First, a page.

Blogging for access: awareness is the first step

My friend and fellow writer Lana Nieves invited me to participate in the Blogging for Access day. Lana is part of the Independent Living Resource Center in San Francisco, an organization that works to advocate for people with disabilities. 

Today’s focus is on access for disabled people…..and my admission that, like many people, it’s a concept I hadn’t thought much about. 

Admit it – when you enter or leave a building, do you take a close look at the entry or exit doors? The door handles? Have you taken a good, long look at your office? The restrooms in the building? The pathway to your car or bike? What about the mass transit bus that stops right outside your door? The seats at the ball field?

Of course not. We take the infrastructure we live in, the conveniences we use, for granted. They are made for us, after all.

Most of us.

For people who are differently abled, who are living with a disability, there’s no taking those items for granted. Pathways must be planned. Complications must be considered.

I don’t think I’m a heartless guy, but I admit: I really hadn’t thought about this fact much before. I have long been aware of the American with Disabilities Act, and understand why it’s important. And certainly, there have been many improvements in providing access for people with disabilities. More accessible sidewalks, offices, and restrooms. More accessible, interactive public transit.

I remembered being a student at Edinboro University of Pennsylvania, a school that has one of the leading programs in the country for students with disabilities. Edinboro had a great approach even those many years ago when I was an undergrad. There was no separate program for disabled students (as some institutions had) and students lived in the mainstream world. I had several friends and classmates who were wheelchair users. They lived in the same dorms (albeit on specially designated floors designed for their needs). We ate the same lunch, attended the same parties and suffered through the same hangovers!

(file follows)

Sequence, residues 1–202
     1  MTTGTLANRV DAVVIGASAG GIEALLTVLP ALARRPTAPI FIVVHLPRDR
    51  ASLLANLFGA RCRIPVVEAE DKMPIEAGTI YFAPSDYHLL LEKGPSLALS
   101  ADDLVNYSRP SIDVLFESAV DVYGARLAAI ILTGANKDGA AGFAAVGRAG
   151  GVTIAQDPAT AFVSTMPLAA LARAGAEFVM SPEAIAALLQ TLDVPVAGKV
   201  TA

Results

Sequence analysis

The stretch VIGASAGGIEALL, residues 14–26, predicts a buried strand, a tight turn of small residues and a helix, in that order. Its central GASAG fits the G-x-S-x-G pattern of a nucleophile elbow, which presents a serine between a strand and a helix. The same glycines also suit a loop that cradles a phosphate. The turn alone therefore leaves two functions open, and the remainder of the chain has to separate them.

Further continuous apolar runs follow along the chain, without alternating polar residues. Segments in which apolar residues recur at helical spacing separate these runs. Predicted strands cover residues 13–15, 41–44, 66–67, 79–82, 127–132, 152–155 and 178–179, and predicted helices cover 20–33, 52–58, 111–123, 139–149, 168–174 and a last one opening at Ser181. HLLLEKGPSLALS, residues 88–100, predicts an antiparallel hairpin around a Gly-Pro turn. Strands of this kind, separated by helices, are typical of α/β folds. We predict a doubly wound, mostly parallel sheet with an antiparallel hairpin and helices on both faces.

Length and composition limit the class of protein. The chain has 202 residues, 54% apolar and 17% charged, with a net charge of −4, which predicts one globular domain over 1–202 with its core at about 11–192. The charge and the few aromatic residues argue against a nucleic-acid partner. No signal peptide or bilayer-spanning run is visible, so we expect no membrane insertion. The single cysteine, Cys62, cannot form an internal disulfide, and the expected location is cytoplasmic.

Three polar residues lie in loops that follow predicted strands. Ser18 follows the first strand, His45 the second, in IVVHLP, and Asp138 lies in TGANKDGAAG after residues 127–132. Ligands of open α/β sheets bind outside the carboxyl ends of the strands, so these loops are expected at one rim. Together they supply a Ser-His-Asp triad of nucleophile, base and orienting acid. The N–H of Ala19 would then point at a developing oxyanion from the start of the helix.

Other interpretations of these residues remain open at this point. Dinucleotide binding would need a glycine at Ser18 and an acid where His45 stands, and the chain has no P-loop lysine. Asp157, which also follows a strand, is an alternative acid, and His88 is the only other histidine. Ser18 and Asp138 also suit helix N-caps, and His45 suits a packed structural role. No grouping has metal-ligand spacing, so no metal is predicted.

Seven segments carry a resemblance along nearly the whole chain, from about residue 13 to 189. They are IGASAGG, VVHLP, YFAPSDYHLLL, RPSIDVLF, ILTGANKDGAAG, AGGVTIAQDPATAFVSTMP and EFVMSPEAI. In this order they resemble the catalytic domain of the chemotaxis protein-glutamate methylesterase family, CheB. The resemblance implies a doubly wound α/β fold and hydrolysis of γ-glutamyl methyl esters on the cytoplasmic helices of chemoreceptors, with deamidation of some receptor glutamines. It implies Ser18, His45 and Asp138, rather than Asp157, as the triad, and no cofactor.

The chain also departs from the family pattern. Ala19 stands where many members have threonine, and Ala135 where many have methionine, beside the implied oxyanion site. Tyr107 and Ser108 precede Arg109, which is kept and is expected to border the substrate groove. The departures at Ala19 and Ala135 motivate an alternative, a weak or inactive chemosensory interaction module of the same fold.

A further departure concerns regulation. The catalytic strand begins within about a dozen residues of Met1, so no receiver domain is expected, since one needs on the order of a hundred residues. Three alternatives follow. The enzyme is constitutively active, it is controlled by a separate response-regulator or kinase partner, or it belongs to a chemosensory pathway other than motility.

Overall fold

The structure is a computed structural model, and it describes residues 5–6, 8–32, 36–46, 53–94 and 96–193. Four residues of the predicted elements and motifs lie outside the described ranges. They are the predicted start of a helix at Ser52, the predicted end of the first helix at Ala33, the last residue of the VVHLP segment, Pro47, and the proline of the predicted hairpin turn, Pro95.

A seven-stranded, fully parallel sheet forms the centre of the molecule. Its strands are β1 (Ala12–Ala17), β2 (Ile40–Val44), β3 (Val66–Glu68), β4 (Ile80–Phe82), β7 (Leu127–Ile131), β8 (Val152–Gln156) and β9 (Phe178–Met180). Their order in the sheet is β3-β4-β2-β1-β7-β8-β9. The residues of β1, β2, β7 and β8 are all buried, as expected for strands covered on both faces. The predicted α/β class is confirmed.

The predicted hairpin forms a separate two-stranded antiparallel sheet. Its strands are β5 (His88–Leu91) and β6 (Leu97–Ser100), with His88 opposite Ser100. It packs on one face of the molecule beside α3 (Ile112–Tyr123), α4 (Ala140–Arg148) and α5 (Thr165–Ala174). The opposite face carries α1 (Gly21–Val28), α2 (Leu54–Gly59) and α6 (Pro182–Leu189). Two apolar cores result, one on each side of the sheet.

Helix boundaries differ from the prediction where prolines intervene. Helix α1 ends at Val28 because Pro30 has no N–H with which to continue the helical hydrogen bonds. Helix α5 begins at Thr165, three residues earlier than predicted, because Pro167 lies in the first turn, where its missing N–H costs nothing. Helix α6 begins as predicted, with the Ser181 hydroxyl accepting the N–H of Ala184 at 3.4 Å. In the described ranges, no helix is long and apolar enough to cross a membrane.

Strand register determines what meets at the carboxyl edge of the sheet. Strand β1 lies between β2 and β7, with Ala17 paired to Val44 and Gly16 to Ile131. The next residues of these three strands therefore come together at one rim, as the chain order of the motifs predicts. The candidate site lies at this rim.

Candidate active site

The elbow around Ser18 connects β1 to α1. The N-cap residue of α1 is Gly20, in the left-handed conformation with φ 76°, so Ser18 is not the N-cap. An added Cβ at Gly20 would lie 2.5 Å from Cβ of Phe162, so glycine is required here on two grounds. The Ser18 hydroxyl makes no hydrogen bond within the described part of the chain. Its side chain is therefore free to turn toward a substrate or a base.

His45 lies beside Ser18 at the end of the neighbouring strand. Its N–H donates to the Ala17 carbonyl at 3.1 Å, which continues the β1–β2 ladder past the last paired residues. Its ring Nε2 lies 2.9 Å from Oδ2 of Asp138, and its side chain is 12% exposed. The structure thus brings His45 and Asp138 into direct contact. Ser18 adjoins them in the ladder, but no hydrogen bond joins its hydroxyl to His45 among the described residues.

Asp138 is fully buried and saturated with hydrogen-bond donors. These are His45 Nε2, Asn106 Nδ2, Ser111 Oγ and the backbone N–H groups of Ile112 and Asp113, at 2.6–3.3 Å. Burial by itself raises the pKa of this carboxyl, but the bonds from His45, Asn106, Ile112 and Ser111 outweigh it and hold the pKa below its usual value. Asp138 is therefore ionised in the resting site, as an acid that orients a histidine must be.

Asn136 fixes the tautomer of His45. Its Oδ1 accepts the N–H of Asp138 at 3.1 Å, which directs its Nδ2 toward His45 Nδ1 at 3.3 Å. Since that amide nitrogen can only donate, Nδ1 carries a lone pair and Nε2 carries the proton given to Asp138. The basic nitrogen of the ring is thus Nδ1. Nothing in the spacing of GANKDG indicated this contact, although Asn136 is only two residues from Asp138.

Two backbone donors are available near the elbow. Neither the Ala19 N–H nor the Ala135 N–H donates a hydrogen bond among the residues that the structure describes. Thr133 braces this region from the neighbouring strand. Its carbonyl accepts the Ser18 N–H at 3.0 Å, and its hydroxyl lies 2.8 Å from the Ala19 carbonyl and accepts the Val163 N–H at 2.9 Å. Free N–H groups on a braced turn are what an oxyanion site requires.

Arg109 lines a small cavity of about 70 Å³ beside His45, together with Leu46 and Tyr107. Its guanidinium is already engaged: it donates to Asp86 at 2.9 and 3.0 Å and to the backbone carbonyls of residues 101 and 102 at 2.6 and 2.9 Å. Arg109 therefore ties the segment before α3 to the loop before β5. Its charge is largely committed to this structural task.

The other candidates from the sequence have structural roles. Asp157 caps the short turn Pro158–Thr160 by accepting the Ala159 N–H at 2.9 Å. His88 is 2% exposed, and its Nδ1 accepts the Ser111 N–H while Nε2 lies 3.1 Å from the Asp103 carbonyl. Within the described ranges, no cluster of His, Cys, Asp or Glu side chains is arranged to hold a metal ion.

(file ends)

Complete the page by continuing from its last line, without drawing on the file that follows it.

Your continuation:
In the years since, however, I have to admit I just hadn’t thought much about access.

But it’s been on my mind in recent months. Someone in my family had a stroke in the last few years, and it was an eye opening experience to hear about his access issues. Having ADA access in public buildings is one thing, but how do you mandate ADA access for homes? It’s a challenge where you have no wheelchair ramp to get inside, and a difficult to access bathroom. Talk about taking things for granted!

I recently spent several weeks traveling, and on several occasions stayed in an ADA designated room. Sometimes the differences were noticeable. I heard the hotel guests next door complaining about their ADA room, and how the light switches were all out of reach, how oddly shaped the shower was, and how low the dressers were.

I thought: You’re lucky. You can go home and have regular access, and never have to think about this again. 

I respect the ILRC and the work they’re doing. We need to advocate for access for our disabled brothers and sisters, and continue to improve awareness, access and design. ADA compliance shouldn’t be a special fact needing an asterisk. It should be second nature.

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One comment

  1. I can certainly relate, Patrick: before I started working at ILRCSF in 2006, I’d never even heard of the ADA. I’m ashamed to admit that I had no idea there even WAS a disability rights movement! Once i found out about it, though, I became really interested. My mother had multiple disabilities. She was lucky – she wasn’t poor, and she had good insurance. It was actually possible to make her home accessible, to buy items that made it easier for her to get around, get in and out of the car, etc. Even so, it was thanks to my exposure to the ADA at ILRCSF that I knew they couldn’t force my mother into a nursing home. When the time came, I was able to advocate for her. When I took my mother on her last, little vacation, I knew to arrange for an ADA-compliant room and, when the room turned out to be less than accessible, I knew to call it to the attention of the manager. My mom is gone, now, but these experiences have stayed with me. I won’t take access for granted, again.

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